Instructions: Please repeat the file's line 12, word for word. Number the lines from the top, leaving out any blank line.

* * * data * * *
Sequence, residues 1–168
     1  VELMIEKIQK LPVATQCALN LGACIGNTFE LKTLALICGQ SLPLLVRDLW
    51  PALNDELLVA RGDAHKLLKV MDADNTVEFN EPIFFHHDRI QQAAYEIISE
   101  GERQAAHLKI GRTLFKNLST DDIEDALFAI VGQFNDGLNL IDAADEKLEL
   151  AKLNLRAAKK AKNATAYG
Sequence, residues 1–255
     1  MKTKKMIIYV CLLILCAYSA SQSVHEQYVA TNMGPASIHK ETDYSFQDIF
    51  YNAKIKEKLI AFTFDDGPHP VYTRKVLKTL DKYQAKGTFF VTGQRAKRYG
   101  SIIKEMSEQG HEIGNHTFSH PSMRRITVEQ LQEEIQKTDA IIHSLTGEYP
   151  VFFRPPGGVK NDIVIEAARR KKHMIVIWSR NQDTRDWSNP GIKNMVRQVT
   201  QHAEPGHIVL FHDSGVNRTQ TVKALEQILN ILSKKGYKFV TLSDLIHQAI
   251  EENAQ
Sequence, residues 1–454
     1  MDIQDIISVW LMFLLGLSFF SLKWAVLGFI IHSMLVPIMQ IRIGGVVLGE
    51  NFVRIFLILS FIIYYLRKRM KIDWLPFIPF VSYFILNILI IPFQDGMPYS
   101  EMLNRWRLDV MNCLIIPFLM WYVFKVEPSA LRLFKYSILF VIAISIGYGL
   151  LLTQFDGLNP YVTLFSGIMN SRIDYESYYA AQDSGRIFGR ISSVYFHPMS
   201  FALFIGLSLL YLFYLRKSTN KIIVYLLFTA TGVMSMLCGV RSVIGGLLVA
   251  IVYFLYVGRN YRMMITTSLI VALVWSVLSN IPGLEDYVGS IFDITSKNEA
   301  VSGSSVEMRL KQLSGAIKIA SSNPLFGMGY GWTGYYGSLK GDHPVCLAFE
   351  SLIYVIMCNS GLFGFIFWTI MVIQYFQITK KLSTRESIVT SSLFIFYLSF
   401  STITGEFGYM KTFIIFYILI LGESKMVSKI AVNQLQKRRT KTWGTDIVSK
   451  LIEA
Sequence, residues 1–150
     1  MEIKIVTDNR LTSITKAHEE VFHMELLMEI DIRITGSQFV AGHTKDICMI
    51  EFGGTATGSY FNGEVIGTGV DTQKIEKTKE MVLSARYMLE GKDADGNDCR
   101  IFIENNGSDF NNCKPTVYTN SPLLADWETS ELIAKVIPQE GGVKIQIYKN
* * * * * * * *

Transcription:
   251  EENAQ